Anabel Belloso and Dina Argueta ask to amend three articles of the Law against money laundering.
They believe that this reform will dispel the uncertainty and concern of the population on this issue.
Representatives Anabel Belloso and Dina Argueta, of the FMLN Parliamentary Group, who oppose the government of El Salvador’s President, Nayib Bukele, asked to reform the Law against the laundering of money and other assets. They propose that the country’s bitcoin exchanges be subject to obligation, and report all transactions that exceed the equivalent of USD 10 thousand.
Parliamentarian Anabel Belloso was the spokesperson for this proposal, which was widespread on June 23, 2021 through a video posted on the newspaper’s Twitter account world of the Central American nation.
In a clip that lasts more than a minute, the legislator mentioned the reform proposals that they are applying for three articles of the aforementioned lawsanctioned in 2018. Specifically, he referred to Article 2, which would be amended to include the subjects who are obliged to comply with this regulation. Would thus include both exchange houses or exchanges where transactions are made with bitcoin, together with legal platforms of lawyers (an emerging phenomenon in the country that helps generate business).
In this regard, Belloso recalled Article 4 of this regulation, which establishes that those who have participated in criminal activities to hide or cover their illicit origin “will be punished with imprisonment of 15 years and a fine of 50 to 2,500 current minimum monthly wages for commerce, industry and services at the time the corresponding sentence is issued.”
The legal text also states that money-and asset-laundering shall mean any operation, transaction, action or omission aimed at concealing illicit origin and legalizing property and securities derived from criminal activities committed inside or outside the country.
Belloso pointed out that in the case of Article 9 of the aforementioned Law, the proposal seeks to make modifications so that the obligated entities that are listed in Article 2, report all transactions in bitcoin.
As the Law already states that they must be reported to the corresponding those transactions greater than USD 10 thousand, what is being incorporated is the obligation to report transactions equivalent to this amount that are made using cryptocurrency or any cryptoactive, although in this specific case they refer to bitcoin.
These are the three specific reforms within this regulatory framework to remove that uncertainty and concern that is in the feelings of the population and about the possibilities of money laundering through this form of transaction.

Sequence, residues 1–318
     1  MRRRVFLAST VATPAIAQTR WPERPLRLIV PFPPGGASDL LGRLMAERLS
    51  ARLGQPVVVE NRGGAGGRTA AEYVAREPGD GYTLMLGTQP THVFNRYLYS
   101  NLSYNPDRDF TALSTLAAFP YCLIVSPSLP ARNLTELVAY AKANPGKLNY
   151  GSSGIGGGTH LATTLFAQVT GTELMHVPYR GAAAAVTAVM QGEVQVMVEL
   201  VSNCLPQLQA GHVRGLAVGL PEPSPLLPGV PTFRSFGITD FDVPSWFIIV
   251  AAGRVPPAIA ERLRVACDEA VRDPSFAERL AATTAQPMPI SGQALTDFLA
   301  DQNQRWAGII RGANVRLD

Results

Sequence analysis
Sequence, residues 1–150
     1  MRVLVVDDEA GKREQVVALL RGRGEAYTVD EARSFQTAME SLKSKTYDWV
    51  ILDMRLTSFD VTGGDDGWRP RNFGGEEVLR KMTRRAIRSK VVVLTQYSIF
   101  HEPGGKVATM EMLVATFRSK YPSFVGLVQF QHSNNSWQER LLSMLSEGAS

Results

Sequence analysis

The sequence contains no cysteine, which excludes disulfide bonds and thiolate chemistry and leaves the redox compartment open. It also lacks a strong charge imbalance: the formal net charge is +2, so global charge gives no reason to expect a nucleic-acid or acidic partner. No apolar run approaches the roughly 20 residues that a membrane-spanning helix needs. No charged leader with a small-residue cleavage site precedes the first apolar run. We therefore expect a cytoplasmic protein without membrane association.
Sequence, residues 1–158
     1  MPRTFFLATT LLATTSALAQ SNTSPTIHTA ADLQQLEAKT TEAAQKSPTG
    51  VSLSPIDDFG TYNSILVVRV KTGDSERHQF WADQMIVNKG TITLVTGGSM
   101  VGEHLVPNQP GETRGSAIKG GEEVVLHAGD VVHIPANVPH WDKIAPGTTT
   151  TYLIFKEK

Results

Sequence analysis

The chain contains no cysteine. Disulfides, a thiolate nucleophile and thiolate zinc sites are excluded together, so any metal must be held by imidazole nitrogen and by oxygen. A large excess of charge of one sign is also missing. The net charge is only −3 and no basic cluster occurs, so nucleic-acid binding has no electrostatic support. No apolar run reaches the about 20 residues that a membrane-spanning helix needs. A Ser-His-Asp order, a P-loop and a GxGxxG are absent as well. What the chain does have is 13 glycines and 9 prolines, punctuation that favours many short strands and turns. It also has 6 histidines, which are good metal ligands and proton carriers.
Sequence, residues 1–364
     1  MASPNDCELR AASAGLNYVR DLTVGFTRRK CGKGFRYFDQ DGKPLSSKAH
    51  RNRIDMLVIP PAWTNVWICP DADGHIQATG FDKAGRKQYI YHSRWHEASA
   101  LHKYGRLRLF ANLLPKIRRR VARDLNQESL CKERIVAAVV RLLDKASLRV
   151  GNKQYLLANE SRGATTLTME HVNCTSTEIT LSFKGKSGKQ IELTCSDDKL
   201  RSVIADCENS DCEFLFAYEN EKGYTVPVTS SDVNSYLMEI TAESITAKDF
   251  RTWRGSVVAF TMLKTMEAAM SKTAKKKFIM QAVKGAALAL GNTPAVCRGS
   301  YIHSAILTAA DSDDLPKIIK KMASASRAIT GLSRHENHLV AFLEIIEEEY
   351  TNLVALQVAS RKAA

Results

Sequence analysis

Deputy Anabel Belloso of the FMLN Parliamentary Group.
Belloso added that it is necessary to modify other legal frameworks that accompany this initiative. “I believe that they did not take into account many regulations when approving the ‘madrugón express’ (Bitcoin Law), nor do they know what implications relative to other laws the new Law has.”
The reactions of Salvadoran tweeps
Followers of the news on Twitter published their responses to the proposals of the parliamentarians. The user of the social network identified as Oswaldo B, say the following: “The problem is that the one who has the BTC is not obliged to justify its origin.”
In the same thread the twitterer under the pseudonym of The Political Scientist le answer: “Bitcoin is no longer as effective for hackers. The FBI has recovered millions of dollars from a recent ransomware attack.”
For his part, e follower Nicolight Copernight stress: “Why do they send ignorant people to make such requests about transactions of a currency that can be verified from a phone openly?». Oswaldo B respond: “Neither the deputies who approved this nor those who oppose it have the slightest idea of how it works.”
Women parliamentarians had already called for the elimination of bitcoin as legal currency
On June 17 of this year, the same Belloso and Argueta presented a reform to eliminate bitcoin as a legal currency in El Salvador, considering that adoption of cryptocurrency endangers economic system and family finances.
As CriptoNoticias reported on that occasion, the legislators questioned the” enforceability ” expressed by the new law on the use of bitcoin to pay for products or services. For congressmen, the Bitcoin Law was drafted without consultation and adopted in an accelerated manner, without the necessary debates.
Days later, it became known that this request did not have the support of the deputies representing the Nationalist Alliance party (Arena), in the Legislative Assembly of El Salvador. In this regard, Congressman Numan Salgado of the Grand Alliance for National Unity (Gana), an allied party of the ruling party, said that Arena and the Farabundo Martí National Liberation Front (FMLN) were asking changes or repeal of the aforementioned law because they seek to generate uncertainty and fear in the citizens of El Salvador.